# Vector field for magnetic di-poles

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Hi,

Just registered and writing my first post in GameDev!!

[b]Problem Statement
[/b]I wanted to simulate the magnetic field lines (vectors, i.e, direction and intensity) in [color="#ff8c00"][i]OpenGL [/i][/color]using the [color="#ff8c00"][i]Line Integral Convolution[/i][/color] technique. Something like this "[url="http://www.mare.ee/indrek/ephi/"]http://www.mare.ee/indrek/ephi/[/url]".

[b]Questions[/b]
[list=1][*]Is LIC a library? If yes, where can I find one for VC++ 2010 ultimate?[*]An example/tutorial explaining the usage in 2D and 3D(if possible).[/list]
If I seem to sound naive and abstract in my talking please forgive me and provide me necessary pointers to start with!

Thanks,

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Moved to Maths and Physics, as the question is not related to OpenGL.

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I'm confused to what you actually want. LIC is a visualization technique. Do you want to create a simulation that constructs the vector field? Or have you got already got the vector field data and want to perform LIC to visualize it? Or both?

Assuming you are talking about the visualization aspect, finding an off-the-shelf LIC implementation might be hard due to varying grid types and data formats for the vector field data. Here is a link to some LIC C code (it's not OpenGL though). It might still be useful for you to get a grasp of the idea.

[url="http://www.zhanpingliu.org/research/flowvis/LIC/LIC_Source.htm"]LIC code[/url]

If this isn't helpful let me know and I will dig out my C++/OpenGL implementation of LIC for you. It's not a stand alone library but you can have the class source to see how I did it. It's also not the best implementation, as it was a quick hack, but the results looked good and it ran at a reasonable rate.

Does it have to be LIC? You could try something [url="http://www.win.tue.nl/~vanwijk/ibfv/"]IBFV[/url] (theres some example code on there too), which gives similar results but should be faster.

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If you're only interested in divergence-free flows like magnetic fields, why not construct streamfunctions and use marching squares to draw the level sets? This will give you nice global properties; e.g., integration error will never cause field lines to cross, etc.

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Thank you Unicron!! That was very informative!!

[quote name='_Unicron_' timestamp='1300366216' post='4786974']
I'm confused to what you actually want. LIC is a visualization technique. Do you want to create a simulation that constructs the vector field? Or have you got already got the vector field data and want to perform LIC to visualize it? Or both?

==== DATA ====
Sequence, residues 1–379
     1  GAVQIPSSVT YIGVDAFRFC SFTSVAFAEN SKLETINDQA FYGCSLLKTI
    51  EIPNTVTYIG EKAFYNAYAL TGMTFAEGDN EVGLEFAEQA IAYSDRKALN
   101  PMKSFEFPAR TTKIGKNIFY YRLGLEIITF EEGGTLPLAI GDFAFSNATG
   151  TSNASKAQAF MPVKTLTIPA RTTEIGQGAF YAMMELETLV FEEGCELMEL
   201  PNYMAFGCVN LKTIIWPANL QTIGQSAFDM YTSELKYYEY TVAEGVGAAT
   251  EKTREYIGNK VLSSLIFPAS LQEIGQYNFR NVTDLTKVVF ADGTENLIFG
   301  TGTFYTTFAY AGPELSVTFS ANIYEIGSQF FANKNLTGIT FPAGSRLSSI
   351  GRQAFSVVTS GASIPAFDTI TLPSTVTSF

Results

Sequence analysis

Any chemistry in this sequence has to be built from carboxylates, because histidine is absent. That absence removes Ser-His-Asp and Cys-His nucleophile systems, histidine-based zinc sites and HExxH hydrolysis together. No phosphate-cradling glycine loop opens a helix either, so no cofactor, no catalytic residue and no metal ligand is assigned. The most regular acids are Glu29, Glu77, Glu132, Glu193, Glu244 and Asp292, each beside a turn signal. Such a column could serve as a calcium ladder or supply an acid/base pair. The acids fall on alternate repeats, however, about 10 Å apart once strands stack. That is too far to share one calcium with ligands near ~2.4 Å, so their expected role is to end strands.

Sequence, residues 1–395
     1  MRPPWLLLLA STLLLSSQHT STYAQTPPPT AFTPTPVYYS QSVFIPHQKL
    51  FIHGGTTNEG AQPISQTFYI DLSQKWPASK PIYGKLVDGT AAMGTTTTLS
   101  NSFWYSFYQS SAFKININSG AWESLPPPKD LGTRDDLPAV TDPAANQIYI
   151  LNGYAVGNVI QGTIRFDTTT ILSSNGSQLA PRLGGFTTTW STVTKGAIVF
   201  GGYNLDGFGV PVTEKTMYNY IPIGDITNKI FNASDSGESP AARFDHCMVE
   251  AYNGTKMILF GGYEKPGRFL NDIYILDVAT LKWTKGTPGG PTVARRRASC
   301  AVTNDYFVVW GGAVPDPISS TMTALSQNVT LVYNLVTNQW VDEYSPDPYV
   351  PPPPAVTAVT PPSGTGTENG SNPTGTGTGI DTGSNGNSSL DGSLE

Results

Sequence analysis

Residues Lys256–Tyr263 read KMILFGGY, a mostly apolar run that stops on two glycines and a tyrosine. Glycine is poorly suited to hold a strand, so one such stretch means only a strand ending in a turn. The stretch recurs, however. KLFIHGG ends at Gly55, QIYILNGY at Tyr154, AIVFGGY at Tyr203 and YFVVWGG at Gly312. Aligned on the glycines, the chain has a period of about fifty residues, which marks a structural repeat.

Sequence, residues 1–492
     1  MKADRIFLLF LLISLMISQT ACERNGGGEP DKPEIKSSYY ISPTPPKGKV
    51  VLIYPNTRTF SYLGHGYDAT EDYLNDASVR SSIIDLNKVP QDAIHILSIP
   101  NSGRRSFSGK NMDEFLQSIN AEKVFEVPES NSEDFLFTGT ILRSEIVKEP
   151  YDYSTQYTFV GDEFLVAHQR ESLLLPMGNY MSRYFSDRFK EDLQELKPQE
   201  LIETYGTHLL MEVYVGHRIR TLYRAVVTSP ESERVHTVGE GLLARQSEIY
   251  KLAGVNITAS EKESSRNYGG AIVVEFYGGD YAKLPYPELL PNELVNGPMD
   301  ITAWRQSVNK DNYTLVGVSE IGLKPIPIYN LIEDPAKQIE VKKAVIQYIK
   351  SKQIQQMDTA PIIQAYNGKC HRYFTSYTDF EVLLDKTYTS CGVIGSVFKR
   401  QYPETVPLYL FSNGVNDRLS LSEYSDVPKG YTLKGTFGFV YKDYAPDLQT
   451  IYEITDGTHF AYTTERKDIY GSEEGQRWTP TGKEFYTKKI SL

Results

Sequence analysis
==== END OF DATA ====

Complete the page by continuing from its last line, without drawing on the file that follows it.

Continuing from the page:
[/quote]
[color="#2f4f4f"]Let me start from the beginning.
[/color][list=1][*][color="#2f4f4f"]My requirement is to build a simple simulation of magnetic field lines between two or three bar magnets in OpenGL.[/color][*][color="#2f4f4f"]Also, if the magnets are too close to each other, based on their alignment, they should..
[/color][list][*][color="#2f4f4f"]attract, or[/color][*][color="#2f4f4f"]repel, and/or
[/color][*][color="#2f4f4f"]turn i.e. show some torque on its axis.
[/color][/list][*][color="#2f4f4f"]As a first step, I am searching for some implementation which has a plane (say xy-plane) with grid lines and each grid having an associated vector. These vectors will be later used when a magnet is placed on the plane to show the direction of the field and its intensity. It is here I came to know about LIC.[/color][/list][color="#2f4f4f"]Now, I would like to understand more about LIC from an already existing tutorial (if one exists). So, in essence, "I was asking how to create a simulation that constructs the vector field using the LIC technique".

[b]Question[/b]
From what you say, LIC is used only after we have a vector field in hand?? [/color]

[quote name='_Unicron_' timestamp='1300366216' post='4786974']
If this isn't helpful let me know and I will dig out my C++/OpenGL implementation of LIC for you. It's not a stand alone library but you can have the class source to see how I did it. It's also not the best implementation, as it was a quick hack, but the results looked good and it ran at a reasonable rate.
[/quote] [color="#2f4f4f"]Yes. Please do share your sample program. I will run it and see if it can be helpful.[/color]

[quote name='_Unicron_' timestamp='1300366216' post='4786974']
Does it have to be LIC? You could try something [url="http://www.win.tue.nl/%7Evanwijk/ibfv/"]IBFV[/url] (theres some example code on there too), which gives similar results but should be faster.
[/quote]
[color="#2f4f4f"]
Not specifically. Just trying different options. I am very new to graphics programming. So, do not know which is good or bad. Trying everything I come across. IBFV is good. I tried it on my system and it performs well.[/color]

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[quote name='Emergent' timestamp='1300377543' post='4787060']
If you're only interested in divergence-free flows like magnetic fields, why not construct streamfunctions and use marching squares to draw the level sets? This will give you nice global properties; e.g., integration error will never cause field lines to cross, etc.
[/quote]

[color="#2f4f4f"]Hmm.. Looks like this sounds too techy to me! Can you explain to me in detail on stream functions, marching squares, level sets etc. Any good material online? Pls refer my above post for my actual requirement in case you wanted more details. Thanks.
[/color]

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[b]Question[/b]